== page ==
Been there, done that, have the T-shirt to prove it.

Empathy is great to write a story, it isn’t so great to wallow in day after day. I cry at Hallmark commercials. I can’t even watch a Hallmark Lifetime movie. To this day, I swear they were produced to rip my heart to shreds. I cry at happy movies. I cry at sad movies. I wear my heart on a sleeve. Sometimes it is so painful to FEEL everything, all the time. I have a friend who wonders where I put them all. That is why I really feel that writers suffer from so much mental anguish and all the ailments that accompany it. We need those emotions to put into our writing. We can’t just turn them off. They are with us, 24/7.

So, next time you are reading a book or watching a movie and the emotion overwhelms you, know that the writer is right there with you, feeling every tear, every laugh, every emotion on the page before you did.

Enjoy the read–tears and all!  Jill James

 

 

 

 

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I Wrote Ten Thousand Words Today!

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Umm…no. I didn’t. Lots of times on Facebook and Twitter, I’ll see posts from authors who crow about how many words they wrote that day. And I’m happy for them. Really. I’m just not one of them. I never will be. Know why? Because my writing routine is very different.

I know writers get tons of advice about just putting dreck on the page and then going back to edit later. If that works for you, and you’re happy to finish a first draft with 200,000 words of dreck that will eventually be cleaned and polished to a 50,000 word manuscript, good for you. Everyone has to find their own process.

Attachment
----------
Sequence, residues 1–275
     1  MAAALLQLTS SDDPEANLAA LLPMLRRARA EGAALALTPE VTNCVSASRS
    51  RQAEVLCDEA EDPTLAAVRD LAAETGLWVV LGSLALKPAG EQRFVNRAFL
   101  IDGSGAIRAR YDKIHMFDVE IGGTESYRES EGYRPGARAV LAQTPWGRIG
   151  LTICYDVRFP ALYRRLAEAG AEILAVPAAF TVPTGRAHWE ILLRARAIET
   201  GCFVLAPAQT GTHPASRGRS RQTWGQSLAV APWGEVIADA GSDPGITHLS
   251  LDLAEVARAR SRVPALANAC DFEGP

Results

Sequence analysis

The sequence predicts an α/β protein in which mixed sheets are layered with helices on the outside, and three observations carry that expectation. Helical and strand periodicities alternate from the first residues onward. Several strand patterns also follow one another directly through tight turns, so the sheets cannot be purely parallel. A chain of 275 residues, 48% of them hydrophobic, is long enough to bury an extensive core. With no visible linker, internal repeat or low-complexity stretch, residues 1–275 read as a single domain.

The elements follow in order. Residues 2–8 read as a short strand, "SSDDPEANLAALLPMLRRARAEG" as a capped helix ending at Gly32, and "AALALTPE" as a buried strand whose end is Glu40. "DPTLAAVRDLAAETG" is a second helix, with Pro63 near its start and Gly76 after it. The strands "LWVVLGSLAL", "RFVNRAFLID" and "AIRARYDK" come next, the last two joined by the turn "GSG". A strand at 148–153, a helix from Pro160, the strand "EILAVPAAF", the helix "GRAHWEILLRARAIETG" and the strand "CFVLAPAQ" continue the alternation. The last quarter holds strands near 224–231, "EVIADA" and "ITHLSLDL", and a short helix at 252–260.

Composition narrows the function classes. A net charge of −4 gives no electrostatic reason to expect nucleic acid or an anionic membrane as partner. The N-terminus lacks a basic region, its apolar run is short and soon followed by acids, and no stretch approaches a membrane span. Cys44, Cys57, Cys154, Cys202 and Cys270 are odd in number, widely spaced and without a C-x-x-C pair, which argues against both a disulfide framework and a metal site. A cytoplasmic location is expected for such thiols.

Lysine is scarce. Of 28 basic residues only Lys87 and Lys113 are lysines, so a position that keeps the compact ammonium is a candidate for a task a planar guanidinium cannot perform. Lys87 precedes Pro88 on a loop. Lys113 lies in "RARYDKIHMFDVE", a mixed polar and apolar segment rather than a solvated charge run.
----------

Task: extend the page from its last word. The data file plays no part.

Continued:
Personally, I can’t put dreck on a page and boast about it. I can’t move forward until what I’ve written previously is the best that I can make it. I’ve been known to stall on a chapter for days because one word or sentence is wrong, and I can’t continue the story until I figure out what word or phrase needs to be replaced.

But wait! There’s more. I don’t plot or outline first, either. (Egads. Hide the women and children!) I don’t want to know how my characters are going to get out of that quicksand until I need to pull them out. If I know the answers to all my questions too soon, I get bored, rush to finish the story, and wind up with an unsatisfactory ending. I can’t help it. I can’t keep a secret. Not from my family when it comes to their Christmas gifts, not from my readers when it comes to the Happily-Ever-Afters.

I don’t apologize for not writing 10,000 words in a day because that’s not my process. Here’s a typical writing stint for me:

I write a scene, mostly dialogue. Then I go in and layer that scene. I fix punctuation and spelling errors, double-check my research, add color and scenery and stage direction. Then I do it again, tweaking word choices, tightening my tendency to be too verbose, adding the pertinent info I’ve overlooked. And then, when I think that scene could go into a published work exactly as written, I’m ready to move onto the next scene and do it all over again. 

With a process like this, it’s no wonder I’m thrilled if I write 500 words in a day. The difference between me and the Dreck Writer who writes 10,000 words a day is, when I type The End, it really is The End. I can rest assured that the book needs one quick read-through to focus on story arc and continuity, and that baby is ready to fly. While my counterpart is stuck in revision hell, trying to decide if (s)he really needs to mention the curtains were green right before the house goes up in flames or if (s)he should cut the whole scene because (s)he’s gotta kill a few darlings to meet that word count.

I refuse to feel inadequate because someone’s boasting about writing 10,000 words today, when I’ve stared at the same sentence for a week trying to decide whether to use “cerulean” or “blue.” It’s part of who I am as a writer. And who I am as a writer likes writing the perfect words while having no idea where my characters are going whenever I sit down at that keyboard. Even if I never get to boast that I wrote ten thousand words in one day.